Star Trek Themes From Original Series to Voyager

The interesting thing about watching lots of episodes in a show at once is a particular theme begins to emerge--that is, particular plots or ideas come up over and over again.

Star Trek: The Original Series

The Vietnam War is a far more constant presence than I originally appreciated. The show is inherently conservative in some ways, yet way ahead of its time in many others. The issue of "Should we interfere? When is interference right or wrong?" constantly crops up. It is, to borrow a word, fascinating since the writers are obviously highly conflicted, which washes over into the show. It is a more honest appraisal of how Americans felt at the time than "historical" narratives about the Vietnam War now.

The Prime Directive is more than just this thing that Roddenberry invented so Kirk could violate it every week. It's a loaded question that the writers gladly took on from "A Private Little War" to "City on the Edge of Forever." When is interference okay? Or not okay? When does one actually do nothing?

Star Trek: The Next Generation

Again, the easy answer is "Peace! They talk about peace!" But actually, the theme I noted is a constant reference, again and again, to disappearance.

There are a multitude of extremely creepy episodes where a person's world gets smaller and smaller as the people around them vanish: Crusher watches the Enterprise disappear, Geordi watches friends disappear in one episode and learns that his mother vanished in another. Picard sees his past disappear when Q shows up. Data is left alone again and again--without father or brother. Worf loses his homeworld, then regains it but never entirely. Tasha Yar is lost, then shows up in a way that keeps her still, always, on the outside. The Borg are a negation of humanity.

It's a theme that appears in TOS--"Immunity Syndrome" is a powerful example--but has more  resonance with the individual in The Next Generation. Disappearance is an ongoing threat. The Season 7 finale postulates that we all disappear, all humanity, forever.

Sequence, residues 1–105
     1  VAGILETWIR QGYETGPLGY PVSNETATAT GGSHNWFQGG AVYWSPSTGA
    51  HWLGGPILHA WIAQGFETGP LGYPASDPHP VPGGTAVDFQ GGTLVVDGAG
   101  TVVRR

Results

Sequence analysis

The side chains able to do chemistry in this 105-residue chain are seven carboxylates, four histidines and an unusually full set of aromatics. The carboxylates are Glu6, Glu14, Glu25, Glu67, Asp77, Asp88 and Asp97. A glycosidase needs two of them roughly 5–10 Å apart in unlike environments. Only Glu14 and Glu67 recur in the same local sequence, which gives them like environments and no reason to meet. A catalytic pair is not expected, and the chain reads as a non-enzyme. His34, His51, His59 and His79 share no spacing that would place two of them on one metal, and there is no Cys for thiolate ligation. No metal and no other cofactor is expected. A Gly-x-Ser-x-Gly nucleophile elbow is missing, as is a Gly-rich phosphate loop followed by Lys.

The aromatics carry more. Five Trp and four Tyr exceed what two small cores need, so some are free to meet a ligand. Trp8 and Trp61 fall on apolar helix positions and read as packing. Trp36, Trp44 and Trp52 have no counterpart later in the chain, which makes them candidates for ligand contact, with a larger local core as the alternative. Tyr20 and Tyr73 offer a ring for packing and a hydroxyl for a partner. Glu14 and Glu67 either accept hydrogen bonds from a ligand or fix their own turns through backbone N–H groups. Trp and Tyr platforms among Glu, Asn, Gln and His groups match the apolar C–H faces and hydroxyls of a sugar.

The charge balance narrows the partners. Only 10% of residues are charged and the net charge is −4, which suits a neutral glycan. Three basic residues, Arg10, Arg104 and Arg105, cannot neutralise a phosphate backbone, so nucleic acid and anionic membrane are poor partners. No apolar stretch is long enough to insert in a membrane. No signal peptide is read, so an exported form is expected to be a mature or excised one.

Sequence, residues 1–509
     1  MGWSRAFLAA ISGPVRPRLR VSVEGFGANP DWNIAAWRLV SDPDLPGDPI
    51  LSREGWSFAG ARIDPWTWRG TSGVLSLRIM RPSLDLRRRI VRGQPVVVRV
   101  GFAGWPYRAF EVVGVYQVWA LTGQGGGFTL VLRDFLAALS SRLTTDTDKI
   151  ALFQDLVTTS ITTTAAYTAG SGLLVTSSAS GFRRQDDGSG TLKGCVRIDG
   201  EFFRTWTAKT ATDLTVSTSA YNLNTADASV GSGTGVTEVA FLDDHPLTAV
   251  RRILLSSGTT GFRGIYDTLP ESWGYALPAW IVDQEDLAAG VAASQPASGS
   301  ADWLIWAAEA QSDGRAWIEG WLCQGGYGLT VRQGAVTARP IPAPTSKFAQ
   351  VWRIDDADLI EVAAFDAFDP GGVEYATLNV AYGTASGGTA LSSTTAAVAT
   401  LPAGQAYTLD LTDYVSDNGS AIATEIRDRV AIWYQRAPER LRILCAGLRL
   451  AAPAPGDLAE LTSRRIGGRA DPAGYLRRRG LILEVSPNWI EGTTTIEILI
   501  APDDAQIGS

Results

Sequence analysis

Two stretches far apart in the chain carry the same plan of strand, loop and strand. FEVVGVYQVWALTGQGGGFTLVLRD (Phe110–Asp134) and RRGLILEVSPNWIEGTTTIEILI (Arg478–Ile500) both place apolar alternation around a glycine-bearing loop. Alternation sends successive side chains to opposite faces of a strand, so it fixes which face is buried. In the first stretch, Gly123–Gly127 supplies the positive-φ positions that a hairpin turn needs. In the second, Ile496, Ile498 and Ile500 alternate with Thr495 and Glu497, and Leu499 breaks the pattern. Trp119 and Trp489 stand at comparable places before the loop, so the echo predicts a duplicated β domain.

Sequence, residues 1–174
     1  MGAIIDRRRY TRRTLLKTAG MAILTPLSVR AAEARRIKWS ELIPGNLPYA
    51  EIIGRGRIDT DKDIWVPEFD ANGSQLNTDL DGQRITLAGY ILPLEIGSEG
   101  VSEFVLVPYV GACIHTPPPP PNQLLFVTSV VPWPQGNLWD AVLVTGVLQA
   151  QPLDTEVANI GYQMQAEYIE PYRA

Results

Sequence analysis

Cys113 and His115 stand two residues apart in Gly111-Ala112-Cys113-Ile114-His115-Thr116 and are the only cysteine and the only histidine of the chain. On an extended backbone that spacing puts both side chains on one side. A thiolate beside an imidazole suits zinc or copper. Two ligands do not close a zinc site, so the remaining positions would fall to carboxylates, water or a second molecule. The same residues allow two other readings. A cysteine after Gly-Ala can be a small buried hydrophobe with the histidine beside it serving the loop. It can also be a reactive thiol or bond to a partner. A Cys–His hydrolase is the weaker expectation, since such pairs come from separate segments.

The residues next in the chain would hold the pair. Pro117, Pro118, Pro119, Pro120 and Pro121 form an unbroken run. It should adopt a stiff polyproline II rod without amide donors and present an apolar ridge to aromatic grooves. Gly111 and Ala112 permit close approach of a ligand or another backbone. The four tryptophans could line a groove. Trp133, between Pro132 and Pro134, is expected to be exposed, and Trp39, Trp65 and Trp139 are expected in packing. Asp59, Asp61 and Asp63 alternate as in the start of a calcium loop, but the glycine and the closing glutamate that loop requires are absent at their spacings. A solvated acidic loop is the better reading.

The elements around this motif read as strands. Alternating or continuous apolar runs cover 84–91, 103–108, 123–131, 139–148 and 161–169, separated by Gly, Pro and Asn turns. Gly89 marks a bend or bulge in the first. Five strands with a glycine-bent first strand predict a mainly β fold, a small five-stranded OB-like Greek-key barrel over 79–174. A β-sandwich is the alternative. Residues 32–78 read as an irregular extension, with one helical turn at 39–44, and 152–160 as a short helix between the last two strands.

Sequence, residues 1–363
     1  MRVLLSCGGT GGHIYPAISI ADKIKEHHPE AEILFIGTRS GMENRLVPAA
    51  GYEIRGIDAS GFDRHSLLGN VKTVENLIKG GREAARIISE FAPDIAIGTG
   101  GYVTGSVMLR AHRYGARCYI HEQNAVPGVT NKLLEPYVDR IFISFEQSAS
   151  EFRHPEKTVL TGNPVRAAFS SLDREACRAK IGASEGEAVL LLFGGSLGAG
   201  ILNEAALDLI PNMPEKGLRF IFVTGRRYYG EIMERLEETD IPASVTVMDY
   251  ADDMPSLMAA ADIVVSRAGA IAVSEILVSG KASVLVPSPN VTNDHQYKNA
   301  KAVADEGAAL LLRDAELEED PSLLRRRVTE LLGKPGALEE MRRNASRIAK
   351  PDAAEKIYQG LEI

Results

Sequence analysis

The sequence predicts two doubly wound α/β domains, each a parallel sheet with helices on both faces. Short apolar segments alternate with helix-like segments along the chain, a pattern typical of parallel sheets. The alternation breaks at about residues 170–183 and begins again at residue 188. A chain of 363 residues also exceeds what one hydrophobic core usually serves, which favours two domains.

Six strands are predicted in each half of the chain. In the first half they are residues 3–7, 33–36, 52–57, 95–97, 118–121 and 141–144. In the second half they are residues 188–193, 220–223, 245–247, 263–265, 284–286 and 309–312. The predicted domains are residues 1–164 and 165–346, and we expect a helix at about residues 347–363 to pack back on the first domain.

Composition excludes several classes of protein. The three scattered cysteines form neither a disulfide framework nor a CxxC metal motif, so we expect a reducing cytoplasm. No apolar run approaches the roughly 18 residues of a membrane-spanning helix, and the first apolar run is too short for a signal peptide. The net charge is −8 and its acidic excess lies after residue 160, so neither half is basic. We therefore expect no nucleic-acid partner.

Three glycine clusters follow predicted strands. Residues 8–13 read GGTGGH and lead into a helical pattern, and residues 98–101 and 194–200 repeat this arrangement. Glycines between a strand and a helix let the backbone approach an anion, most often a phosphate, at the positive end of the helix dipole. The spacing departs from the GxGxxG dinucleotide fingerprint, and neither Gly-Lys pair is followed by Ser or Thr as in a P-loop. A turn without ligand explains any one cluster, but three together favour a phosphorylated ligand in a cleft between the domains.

But we don't. Picard saves the day!

Star Trek: Voyager

Like Deep Space Nine, Voyager's theme is basically, Life is complicated! However, it has a particular focus: Individuals are complicated! So what constitutes the individual?

Tribute and thematically relevant!
This theme comes into major focus with Seven of Nine, but it is there from the beginning and threads through multiple episodes and story arcs. It is, again, a TOS theme--usually encapsulated in Spock--and one that shows up in The Next Generation--usually encapsulated in Data--but in Voyager it attends more than one or two characters. The Doctor worries about a name. B'Elanna worries about her split identity (much like Spock). Tom worries about his role in the past versus the present. Captain Janeway worries about the identity of her crew: Are they still Starfleet? Brad Dourif as Sutor worries about being a sociopath. A Q wonders what it means to be Q and why one should bother. Neelix and Tuvok get combined but nobody is entirely happy with the "new" perfect being. They want the imperfect individuals back.

What is so interesting here is that these themes possibly reflect--as with the Vietnam War--cultural concerns contemporary to their shows' air dates, but they don't appear to come about because of an overall mandate: We are now concerned about this! Rather, they appear to come about because certain scripts are encouraged, preferred, suggested for the next stage.

Which is, to be honest, the way sci-fi always works. It always reflects us.

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